Yesterday (Friday) I took off for the day to the wilderness with a pal to check out the bird migration scene and to try to locate a dump way out of the city which I was told is an eagle magnet. I had received directions from a local birder and also checked out the site on Google Earth so I was fairly confident of finding it.
It was zero deg C when we left the city just after dawn – had to scrape ice off the screen. That’s the first time this year. We stopped at our usual locations en route and found the dump mid-morning on a sunny but blustery day. The east wind kept the temperatures down although a nearby service station display recorded 14degC. Wind chill put paid to that though. Recent rainy days meant that the dust level was low although the roads and land were reasonably dry.
The dump is adjacent to a waterway – we call it a canal but in truth it is more of a flowing river taking treated waste water from Almaty to a system of lakes 60-70km from the city to the north in the steppes, the largest of which is the ornithological-rich Sorbulak Lake.
The canal itself yielded Little Grebes, Black-headed Gulls, Barn Swallows, Turkestan Shrike, Pine Buntings, Tree Sparrows and the surrounding fields were full of Starlings, Jackdaws and 100s of Rooks. The dump itself to the SE is quite large and there were Steppe Eagles everywhere, on the dump and in the sky. As we arrived, we disturbed the eagles nearest to the road running alongside the canal and I counted 34 eagles in the sky above us at that stage, with more on the dump further away. I am told that in winter wintering Steppe Eagles are joined by Eastern Imperial Eagles, which I haven’t seen for a few years, so looking forward to that.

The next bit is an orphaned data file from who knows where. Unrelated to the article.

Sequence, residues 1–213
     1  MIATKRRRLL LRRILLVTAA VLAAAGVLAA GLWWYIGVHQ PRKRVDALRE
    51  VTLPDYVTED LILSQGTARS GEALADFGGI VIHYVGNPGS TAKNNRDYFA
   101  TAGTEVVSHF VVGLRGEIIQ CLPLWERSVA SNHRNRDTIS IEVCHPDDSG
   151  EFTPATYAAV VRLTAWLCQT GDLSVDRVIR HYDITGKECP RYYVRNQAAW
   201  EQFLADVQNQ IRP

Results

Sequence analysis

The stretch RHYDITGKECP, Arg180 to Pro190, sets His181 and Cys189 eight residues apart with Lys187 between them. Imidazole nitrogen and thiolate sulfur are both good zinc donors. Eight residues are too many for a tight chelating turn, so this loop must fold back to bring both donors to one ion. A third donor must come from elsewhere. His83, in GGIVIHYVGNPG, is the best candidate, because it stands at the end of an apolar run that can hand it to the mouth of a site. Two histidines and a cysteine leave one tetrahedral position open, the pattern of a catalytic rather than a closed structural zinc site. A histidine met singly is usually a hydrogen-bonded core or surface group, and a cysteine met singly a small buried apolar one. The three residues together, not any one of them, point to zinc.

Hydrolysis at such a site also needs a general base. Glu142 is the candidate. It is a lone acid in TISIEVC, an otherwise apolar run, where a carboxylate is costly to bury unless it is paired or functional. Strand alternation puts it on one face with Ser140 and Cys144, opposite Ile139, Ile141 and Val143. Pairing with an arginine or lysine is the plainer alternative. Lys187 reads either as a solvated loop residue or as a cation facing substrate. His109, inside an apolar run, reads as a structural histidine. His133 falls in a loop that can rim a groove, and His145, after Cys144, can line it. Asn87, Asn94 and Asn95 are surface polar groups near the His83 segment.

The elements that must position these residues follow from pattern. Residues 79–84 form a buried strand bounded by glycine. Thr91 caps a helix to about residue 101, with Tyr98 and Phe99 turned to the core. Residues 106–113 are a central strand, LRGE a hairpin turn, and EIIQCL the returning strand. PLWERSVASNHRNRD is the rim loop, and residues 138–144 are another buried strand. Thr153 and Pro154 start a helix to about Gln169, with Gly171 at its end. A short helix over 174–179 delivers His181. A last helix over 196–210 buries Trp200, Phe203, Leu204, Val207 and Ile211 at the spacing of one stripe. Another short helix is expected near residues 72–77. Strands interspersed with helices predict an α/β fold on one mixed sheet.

Other raptors were 4 Black (Black-eared) Kites, a female Hen (Northern) Harrier and this Buzzard which I think is a darker Long-legged Buzzard (Buteo Rufinus) but some think is Eastern Buzzard Buteo buteo Japonicus. Aren’t Buzzards a challenge? On the road also saw two soaring Booted Eagles, a first for Kazakhstan for me – last seen in Tunisia.
The second highlight of the day was the arrival in the last 8 days of wildfowl from further north. I was hopeful of this as temperatures had plummeted recently and I wasn’t disappointed with a delightful variety on show at Sorbulak with a few on the Lesser Lakes too. The lesser lakes are all full now and Sorbulak itself is re-filling but not yet significantly. The ducks are still a long way off and a scope was essential, even thought the wind made it difficult and digiscoping photography almost impossible because of shake. And to think that just 2 months ago the temperatures were so high that we had to abandon our birding for the day – oh, for a bit of breeze then.
Still most numerous right now are Mallards, some males still in eclipse and others in proud new plumage, and females outnumber males by a high proportion. Mallards were on the shoreline and in flotillas bobbing over the choppy water. Other shoreline ducks were Common (Green-winged) Teal and Northern Pintails in winter plumage. Out on the water in flocks of varying sizes were Gadwall, Common Pochard, Red-crested Pochard, a small flock of Ferruginous Ducks, lots of Tufted Ducks and at least one Goldeneye. And it will only get better! Can’t wait to get out there again next week, weather permitting. Hoping for calmer weather so that I can get some shots. Hoping too that the shoreline is nearer for access.
The shoreline also gave up a flock of over 100 Ruddy Shelducks (there will be hundreds later), 27 Whooper Swans and 3 Mute Swans.
Waders had all but disappeared with a few Little Stints remaining, a large flock of Lapwings in the distance and Common Ringed Plovers passing through.
Bird list for yesterday at all sites that we visited:
Common Buzzard (I include japonicus in the category)
Common Ringed Plover
Oriental Turtle Dove
59 – a good tally for a great day.